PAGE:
Getting the right fit is important –  the first step is to take a look at our sizing charts to figure out what size you need.  Next, think about whether you’re going to be wearing multiple layers under your jacket or just a baselayer. For the former you want a regular fit jacket, for the latter, you should look for a slim fit.


Weight can often come at the cost of durability, so it’s important to carefully assess your priorities when you’re picking a jacket.  If you’re travelling light, or plan to stow your jacket rather than wear it, then looking at the lighter end of the range makes sense. If you’re expecting to wear your jacket for activities that might cause heavy abrasion or require resistance to tearing then it’s probably wise to look at the heavier end of our range.

Pack Size

If you’re planning on wearing your jacket all day then the packed size might not be a concern, but if you’re travelling light, or need something you can throw on at a moment’s notice, then it can make a big difference. Some of our lightest jackets – such as the Downpour Plus – pack down into their own pockets or come with their own stuff sack.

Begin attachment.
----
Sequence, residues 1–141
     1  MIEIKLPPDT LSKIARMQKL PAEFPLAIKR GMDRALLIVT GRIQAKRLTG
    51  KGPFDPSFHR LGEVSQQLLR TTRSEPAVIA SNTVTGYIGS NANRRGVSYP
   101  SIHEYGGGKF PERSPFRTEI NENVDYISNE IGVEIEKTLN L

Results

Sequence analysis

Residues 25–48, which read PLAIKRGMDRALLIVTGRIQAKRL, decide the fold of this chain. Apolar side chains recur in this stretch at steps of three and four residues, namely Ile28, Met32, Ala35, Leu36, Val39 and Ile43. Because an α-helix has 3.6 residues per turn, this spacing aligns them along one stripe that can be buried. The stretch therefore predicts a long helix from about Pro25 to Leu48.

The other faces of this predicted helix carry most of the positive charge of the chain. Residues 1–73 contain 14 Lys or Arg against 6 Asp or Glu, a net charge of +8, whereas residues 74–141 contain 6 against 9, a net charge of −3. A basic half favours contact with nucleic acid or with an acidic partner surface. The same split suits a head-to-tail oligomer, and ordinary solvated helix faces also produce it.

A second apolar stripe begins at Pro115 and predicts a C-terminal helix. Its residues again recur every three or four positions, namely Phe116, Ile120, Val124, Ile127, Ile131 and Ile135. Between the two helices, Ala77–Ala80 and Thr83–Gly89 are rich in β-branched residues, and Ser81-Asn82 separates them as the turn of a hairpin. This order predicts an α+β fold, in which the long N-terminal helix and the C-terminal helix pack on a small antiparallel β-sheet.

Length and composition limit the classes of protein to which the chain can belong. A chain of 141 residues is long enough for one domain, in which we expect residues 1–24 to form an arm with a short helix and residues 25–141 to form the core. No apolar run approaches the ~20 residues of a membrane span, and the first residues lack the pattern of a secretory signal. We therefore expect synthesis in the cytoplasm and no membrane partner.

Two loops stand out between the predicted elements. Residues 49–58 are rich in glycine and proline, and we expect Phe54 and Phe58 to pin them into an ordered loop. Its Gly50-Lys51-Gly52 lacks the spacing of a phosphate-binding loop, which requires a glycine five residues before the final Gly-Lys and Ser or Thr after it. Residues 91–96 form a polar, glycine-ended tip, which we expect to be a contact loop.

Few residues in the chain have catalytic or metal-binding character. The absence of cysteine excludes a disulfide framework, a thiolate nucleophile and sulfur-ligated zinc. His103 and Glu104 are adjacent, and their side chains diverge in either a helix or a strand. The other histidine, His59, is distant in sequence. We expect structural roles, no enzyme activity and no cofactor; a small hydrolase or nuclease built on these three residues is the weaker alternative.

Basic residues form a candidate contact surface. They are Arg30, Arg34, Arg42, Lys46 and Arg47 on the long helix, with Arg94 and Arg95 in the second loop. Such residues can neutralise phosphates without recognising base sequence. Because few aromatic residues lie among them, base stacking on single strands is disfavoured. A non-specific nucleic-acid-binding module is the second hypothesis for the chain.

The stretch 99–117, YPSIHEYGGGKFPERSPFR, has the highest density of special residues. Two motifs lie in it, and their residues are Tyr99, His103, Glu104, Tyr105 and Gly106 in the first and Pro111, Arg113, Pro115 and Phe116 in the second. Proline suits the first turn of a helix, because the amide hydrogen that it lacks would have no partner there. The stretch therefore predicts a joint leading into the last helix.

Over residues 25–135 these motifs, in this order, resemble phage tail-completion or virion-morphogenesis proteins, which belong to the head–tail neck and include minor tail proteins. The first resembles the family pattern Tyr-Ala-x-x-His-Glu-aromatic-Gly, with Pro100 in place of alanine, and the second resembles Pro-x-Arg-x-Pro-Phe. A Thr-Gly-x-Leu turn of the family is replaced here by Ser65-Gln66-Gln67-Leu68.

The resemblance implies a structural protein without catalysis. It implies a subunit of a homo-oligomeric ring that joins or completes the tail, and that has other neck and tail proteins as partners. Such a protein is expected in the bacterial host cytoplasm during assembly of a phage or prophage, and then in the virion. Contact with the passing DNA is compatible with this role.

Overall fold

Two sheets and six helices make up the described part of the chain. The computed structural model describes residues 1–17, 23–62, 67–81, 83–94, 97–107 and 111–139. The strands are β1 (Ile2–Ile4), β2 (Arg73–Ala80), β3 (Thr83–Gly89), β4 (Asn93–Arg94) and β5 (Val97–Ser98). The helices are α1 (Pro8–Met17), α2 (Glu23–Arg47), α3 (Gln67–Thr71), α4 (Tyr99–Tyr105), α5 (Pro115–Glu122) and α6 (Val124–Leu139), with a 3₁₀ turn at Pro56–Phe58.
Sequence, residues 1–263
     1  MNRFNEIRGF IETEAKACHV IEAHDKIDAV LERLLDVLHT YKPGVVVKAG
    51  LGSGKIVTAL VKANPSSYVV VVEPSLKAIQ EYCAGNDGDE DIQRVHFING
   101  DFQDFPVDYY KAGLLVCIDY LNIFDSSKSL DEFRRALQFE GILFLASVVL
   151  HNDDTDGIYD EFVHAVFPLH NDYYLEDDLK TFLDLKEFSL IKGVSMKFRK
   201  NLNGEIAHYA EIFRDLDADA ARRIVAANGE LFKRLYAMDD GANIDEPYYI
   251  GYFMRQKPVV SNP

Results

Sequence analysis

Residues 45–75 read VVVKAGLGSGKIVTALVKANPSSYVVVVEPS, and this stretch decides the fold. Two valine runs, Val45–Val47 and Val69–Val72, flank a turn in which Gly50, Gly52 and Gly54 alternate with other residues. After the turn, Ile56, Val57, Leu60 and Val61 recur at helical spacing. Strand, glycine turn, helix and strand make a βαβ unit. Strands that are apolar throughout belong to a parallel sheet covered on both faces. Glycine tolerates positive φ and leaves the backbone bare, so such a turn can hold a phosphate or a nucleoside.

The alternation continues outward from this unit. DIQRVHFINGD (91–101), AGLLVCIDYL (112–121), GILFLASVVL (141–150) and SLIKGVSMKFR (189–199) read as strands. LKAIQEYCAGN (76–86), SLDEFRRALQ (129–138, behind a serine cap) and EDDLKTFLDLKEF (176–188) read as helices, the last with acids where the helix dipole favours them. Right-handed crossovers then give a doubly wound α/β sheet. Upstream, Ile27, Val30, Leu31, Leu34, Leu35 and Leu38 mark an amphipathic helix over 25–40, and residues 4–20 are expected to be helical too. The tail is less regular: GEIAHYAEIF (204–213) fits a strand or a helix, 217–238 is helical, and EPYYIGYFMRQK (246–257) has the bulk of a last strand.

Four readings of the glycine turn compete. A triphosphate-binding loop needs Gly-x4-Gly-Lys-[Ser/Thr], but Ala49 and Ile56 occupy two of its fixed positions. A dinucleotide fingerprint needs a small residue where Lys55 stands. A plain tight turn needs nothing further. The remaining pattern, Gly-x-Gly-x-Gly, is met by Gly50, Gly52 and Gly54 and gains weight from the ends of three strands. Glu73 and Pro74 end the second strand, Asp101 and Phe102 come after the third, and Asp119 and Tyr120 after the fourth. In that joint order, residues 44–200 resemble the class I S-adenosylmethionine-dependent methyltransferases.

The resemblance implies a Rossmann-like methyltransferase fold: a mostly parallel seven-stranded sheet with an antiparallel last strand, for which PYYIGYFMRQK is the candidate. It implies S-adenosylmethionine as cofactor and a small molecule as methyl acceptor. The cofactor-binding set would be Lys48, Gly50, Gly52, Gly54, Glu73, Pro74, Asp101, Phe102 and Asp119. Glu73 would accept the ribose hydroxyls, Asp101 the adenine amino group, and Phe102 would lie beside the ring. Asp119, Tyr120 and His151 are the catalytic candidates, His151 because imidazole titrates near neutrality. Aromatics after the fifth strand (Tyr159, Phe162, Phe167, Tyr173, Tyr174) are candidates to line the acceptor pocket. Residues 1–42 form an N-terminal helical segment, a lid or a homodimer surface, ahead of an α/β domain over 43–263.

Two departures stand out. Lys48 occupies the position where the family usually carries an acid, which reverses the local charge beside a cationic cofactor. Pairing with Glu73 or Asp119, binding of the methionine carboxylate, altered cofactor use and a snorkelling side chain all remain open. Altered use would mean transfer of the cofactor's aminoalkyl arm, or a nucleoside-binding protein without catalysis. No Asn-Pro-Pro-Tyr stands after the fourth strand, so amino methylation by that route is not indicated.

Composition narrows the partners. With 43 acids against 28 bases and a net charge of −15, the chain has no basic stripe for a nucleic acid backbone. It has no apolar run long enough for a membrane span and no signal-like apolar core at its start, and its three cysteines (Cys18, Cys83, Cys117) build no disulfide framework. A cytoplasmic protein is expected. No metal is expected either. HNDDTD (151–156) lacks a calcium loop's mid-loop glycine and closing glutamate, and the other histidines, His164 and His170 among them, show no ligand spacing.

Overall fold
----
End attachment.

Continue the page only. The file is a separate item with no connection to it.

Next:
Explore By Activity

It's important to consider what you're going to get up to in your jacket when you're making a decision. To make choosing easier we can break down the range into three broad categories:

Fast & Light

Our fast and light waterproofs are designed to pack small for activities where you want quick protection from the weather without carrying a fully-featured shell. They’re also great for sustained activity in the mountains, such as adventure racing, where breathability is as much of a concern as weather protection.

Included in this category is the lightweight, stripped-back Pacer Jacket. Designed for mountain running, the Pacer is made from 3 layer GORE-TEX® Active fabric waterproof for advanced comfort, optimised breathability and minimal weight.

For those who want a few more features in their lightweight jacket there is the Spark. Designed for climbing or adventure racing its high breathability makes it perfect for high intensity activity in wet conditions.